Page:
For some reason, the word “no” is extremely tough for educators to say. Well to be honest, it is actually very easy when it is proceeded by “I should have said…” while we are caught in a wave of work that is seemingly extremely tough to keep up with. As social media connects us more, requests from others seem to grow as well. I am proud to say that I have been someone who has offered help continuously to those who have asked, but as I have learned to reflect, I am seeing that I have disconnected from many of the things that I love.
You see this in educators all the time. In Canada, extracurricular activities are voluntary and teachers are amazing at giving their own time to provide awesome after-school programming that helps to build the culture and skill-sets of our students. I could not be more thankful for the coaches that spent a significant amount of time with me on the basketball court. In fact, many times I believe that I learned more from my interactions and opportunities from sports then I actually did from school. I learned how to face adversity, deal with challenges, and work effectively in a team. I didn’t learn everything from sports, but I did learn a lot. If it wasn’t for the generous giving of time from many of my coaches, I would not have had that extremely important learning.
Wanting to give the same opportunities to students I taught, I coached for several years and loved every minute of it. I was always so proud of the kids I coached in basketball and football and those long road trips help to build connections that last long after students leave school. One day however, I just felt like I needed a break from coaching for the year. I thought about it deeply, and after long contemplation, I decided to give it another year. As I went through that year, I realized that I didn’t love it anymore. My heart was just not into coaching and although I wanted to provide those same opportunities for our students that I had as a kid, I felt that I was not giving them the same passion that was modeled for me when I played.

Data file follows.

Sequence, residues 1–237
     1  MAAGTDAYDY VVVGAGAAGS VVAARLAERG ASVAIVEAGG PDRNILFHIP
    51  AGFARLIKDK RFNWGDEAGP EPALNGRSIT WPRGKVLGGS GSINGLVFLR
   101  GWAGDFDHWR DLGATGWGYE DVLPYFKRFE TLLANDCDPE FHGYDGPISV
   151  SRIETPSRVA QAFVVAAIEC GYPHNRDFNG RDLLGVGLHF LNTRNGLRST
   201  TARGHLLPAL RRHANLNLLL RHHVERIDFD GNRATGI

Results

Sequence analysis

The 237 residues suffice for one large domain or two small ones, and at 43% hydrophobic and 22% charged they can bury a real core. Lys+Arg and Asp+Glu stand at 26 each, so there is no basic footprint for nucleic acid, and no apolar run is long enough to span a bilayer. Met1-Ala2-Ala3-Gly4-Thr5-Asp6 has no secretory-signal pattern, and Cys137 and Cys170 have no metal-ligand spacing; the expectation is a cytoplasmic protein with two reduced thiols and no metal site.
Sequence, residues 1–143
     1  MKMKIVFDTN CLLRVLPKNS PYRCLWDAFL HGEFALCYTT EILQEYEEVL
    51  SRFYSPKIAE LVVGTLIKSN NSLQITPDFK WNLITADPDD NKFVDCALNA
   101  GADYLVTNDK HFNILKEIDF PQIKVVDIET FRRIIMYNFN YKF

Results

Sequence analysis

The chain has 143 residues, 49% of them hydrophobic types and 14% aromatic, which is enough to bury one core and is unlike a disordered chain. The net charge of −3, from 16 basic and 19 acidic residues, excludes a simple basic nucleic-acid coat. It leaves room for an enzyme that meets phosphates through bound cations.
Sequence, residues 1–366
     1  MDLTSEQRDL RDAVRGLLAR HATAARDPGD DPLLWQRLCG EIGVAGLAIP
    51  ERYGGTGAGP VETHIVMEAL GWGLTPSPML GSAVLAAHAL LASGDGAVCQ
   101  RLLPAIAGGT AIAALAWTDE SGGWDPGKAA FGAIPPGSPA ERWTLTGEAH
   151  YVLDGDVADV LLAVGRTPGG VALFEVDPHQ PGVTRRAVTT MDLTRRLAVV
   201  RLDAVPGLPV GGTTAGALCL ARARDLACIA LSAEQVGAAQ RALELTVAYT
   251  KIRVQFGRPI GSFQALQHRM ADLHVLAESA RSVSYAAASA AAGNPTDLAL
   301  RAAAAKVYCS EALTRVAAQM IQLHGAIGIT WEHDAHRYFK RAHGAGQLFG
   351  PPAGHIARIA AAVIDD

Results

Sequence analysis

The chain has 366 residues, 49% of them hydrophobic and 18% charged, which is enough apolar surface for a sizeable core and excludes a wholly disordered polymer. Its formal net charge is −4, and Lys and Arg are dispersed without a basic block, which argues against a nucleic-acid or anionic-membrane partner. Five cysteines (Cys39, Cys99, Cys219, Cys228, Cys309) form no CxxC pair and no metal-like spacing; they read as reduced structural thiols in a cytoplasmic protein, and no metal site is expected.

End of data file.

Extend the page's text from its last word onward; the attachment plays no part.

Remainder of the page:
The following year, after much deliberation, I prepared myself to say “no” when it was asked if I would coach again. I lost sleep about it. I couldn’t eat (which is EXTREMELY rare!). Then it came and when I was asked, I said no. This was followed by what my friends call the “come ons”; the insistent “come on…you should do it for the kids”, “come on…you love basketball”. The extreme guilt that followed was tough to take but I stuck with my decision. That year, I started my masters and it was probably one of the most enjoyable experiences that I have had. I enjoyed the opportunity to watch from afar yet take some time to pursue some of my own interests. To this day, I still feel guilt about the decision but I know that it wasn’t fair to myself or to the kids, to do something begrudgingly and half-heartedly.
As the requests come in, I have again struggled with the word “no”. Something that I promised myself a few years ago was that I would never do anything that I didn’t love. This year, I stepped away from reffing basketball (my first season totally away from the game since I was 8), I have cut down on teaching classes at the gym (from 7 to 3 a week), and I have taken a step back from some aspects of social media. I have replaced much of that with spending time with my friends, building relationships, and taking my dogs to the park more in a week then I used to in a year. To be honest, I am enjoying every moment of it.
While many teachers have this attitude that they can’t please everyone, but they sure are going to try, they often leave out themselves. Saying ‘no’ to certain things often means saying ‘yes’ to others. Keeping commitments is still a huge priority to me, but above all, doing things with a smile on my face and in my heart seems to be a lot more important as of late